Simply put, we can empower a brand to say, Hey retailer. You're not carrying these top five products that are in demand around your store and you should carry those. And in doing so, all these cool things happen. Now there are a lot more visible to that retailer as a pickup point for same-day delivery or shop online, pickup in-store or any of those kinds of experiences when a consumer is on that brand's DTC site. For example now, instead of having to have it shipped to your door, there's an opportunity because they're on trend with what's hot in their area to get that product that same day, or just go in and pick it up. It's this kind of leveraging market data or consumers' interests and saying, okay, retailers in that same area here's an indication of what consumers around you like and what you should consider carrying these products.
It's a really powerful data point to give to reps and a really powerful set of data to put in front of retailers when they log into the platform. Honestly, for them just being able to see an Envoy B2B and say okay, What products of this brand are hot in my area? That's gold.
Mike– There are so many different types of retailers that as we have built this system, there's going to be, obviously there are early adopters that are gonna, come in and go, Oh, I'm going to use any additional market intelligence I could possibly get. The standard at this point is just national market intelligence that's 60 to 90 days old. And we don't really think that's tremendously relevant for somebody who's trying to stock their shelves today.
The forward-looking vision of the way this would work is that retailers get to the point where some type of automation is occurring that keeps their shelves filled with stock. Perhaps it's a roof rack and it keeps all the right parts in stock. The system is somehow aware of emergent trends. It's looking at the vendors available to sell inventory in the warehouse, mashing that together with DMA-specific and business intelligence. And, the goal is a collaboration between the brand and the retailer, rather than everybody doing it for themselves.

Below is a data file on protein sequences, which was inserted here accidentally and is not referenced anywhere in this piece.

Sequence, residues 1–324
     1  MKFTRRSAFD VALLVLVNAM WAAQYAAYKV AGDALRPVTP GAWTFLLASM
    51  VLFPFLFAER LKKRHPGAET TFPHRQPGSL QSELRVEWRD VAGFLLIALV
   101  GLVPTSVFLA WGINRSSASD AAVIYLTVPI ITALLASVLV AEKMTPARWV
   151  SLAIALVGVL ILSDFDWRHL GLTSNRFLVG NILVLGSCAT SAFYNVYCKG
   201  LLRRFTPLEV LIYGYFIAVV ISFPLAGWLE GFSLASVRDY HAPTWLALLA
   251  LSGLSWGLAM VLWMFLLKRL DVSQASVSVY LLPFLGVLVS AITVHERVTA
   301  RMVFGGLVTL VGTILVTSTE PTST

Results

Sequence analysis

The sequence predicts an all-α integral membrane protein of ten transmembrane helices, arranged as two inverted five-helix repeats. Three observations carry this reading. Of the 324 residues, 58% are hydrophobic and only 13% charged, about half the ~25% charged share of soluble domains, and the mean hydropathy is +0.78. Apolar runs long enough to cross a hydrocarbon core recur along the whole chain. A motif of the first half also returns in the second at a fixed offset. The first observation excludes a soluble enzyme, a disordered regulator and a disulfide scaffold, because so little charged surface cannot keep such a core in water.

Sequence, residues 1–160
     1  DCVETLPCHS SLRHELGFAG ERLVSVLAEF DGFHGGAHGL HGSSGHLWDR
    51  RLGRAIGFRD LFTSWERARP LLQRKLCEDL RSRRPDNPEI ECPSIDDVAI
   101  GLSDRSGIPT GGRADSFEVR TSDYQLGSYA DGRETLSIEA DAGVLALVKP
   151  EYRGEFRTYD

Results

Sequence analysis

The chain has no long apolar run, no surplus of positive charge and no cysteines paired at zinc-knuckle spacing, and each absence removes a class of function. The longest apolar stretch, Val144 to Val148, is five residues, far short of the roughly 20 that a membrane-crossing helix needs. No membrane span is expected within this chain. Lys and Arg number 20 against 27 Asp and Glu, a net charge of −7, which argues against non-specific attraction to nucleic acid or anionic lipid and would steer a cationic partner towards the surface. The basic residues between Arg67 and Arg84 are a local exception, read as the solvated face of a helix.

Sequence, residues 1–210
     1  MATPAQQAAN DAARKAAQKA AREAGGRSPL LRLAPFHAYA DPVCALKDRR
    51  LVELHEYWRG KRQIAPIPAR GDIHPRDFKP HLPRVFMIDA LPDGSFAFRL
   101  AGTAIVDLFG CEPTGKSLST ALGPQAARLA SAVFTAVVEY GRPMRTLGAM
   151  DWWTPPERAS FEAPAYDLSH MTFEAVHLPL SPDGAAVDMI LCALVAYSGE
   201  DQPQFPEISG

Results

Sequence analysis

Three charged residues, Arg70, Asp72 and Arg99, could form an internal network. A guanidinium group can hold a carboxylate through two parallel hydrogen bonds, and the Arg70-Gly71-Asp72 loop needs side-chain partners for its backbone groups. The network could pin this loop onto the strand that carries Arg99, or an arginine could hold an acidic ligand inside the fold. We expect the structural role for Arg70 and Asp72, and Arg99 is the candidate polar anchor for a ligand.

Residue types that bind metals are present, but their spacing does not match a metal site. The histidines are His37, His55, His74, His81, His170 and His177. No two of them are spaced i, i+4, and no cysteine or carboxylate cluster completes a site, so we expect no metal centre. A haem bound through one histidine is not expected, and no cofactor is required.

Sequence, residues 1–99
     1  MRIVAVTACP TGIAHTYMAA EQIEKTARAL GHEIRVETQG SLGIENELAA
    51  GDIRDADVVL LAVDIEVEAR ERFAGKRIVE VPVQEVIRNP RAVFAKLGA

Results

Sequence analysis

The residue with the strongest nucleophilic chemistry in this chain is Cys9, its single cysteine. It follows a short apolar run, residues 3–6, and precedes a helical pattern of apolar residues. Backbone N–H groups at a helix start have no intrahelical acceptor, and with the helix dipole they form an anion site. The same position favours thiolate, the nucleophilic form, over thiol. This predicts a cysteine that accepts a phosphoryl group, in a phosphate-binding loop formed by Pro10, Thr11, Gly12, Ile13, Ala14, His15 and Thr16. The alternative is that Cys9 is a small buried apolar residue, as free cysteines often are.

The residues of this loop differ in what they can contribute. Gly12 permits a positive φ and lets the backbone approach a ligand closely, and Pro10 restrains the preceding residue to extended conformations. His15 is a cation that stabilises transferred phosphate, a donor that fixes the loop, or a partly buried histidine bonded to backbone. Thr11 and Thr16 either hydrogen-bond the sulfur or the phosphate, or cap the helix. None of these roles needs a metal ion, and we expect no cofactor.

We've done things where everybody does it for themselves and the cavalierness of every industry, not just the outdoor industry. The problem is that you're not really competing in that world anymore. Consumers are online 24 seven doing product research, and you need information in order to be able to be competitive. And you give them information, from around the country, the world basically. And it allows them to be more efficient.
And the thing here is that while there's always going to be early resistance for the truly independent retailer, the reality is that the larger format brick and mortar retailers are already using these types of technologies. They're not sitting here scratching their head about filling in their shelves. If you go to an REI, they do a really good job of keeping the pegs filled. They do a really good job of keeping all the sizes in stock. And smaller retailers now have access to very powerful tools to optimize their inventory based on what consumers near them are doing online.
Jon- I wanted to say something quick about competition, you mentioned how you keep up with the competition.
I think there are two things that are really simple that I would say at least for brands, retailers, and suppliers . . . Community, that's just one right now. Your community is everything and secondarily, Availability. And to that, what we're talking about with Locally, you've got to share what you need from a retailer's perspective and the tools are there.
Mike has said it's not the time to be scared of them. It's the time to embrace them. You're not losing your independence by embracing technology. It's what you need to compete right now. And specifically availability, that's what it comes down to. Make sure that as a retailer, you are easily showing what's available in your store.
It's that simple, consumers are looking for it. If they can't find you, they can't come in and get it. And same from the perspective of a brand. Availability, share with your retailers. Really it's just, it's all about forging this kind of data-centric relationship moving forward. That's the future, it's that simple.
Look at how a ton of these communities just took it to the next level over the past, several quarters of challenge. The community will engage with the new kinds of technologies that you bring to the table. They're ready for it. And they want it. And in fact, they understand now more than ever, why it might be valuable to them. So it's time.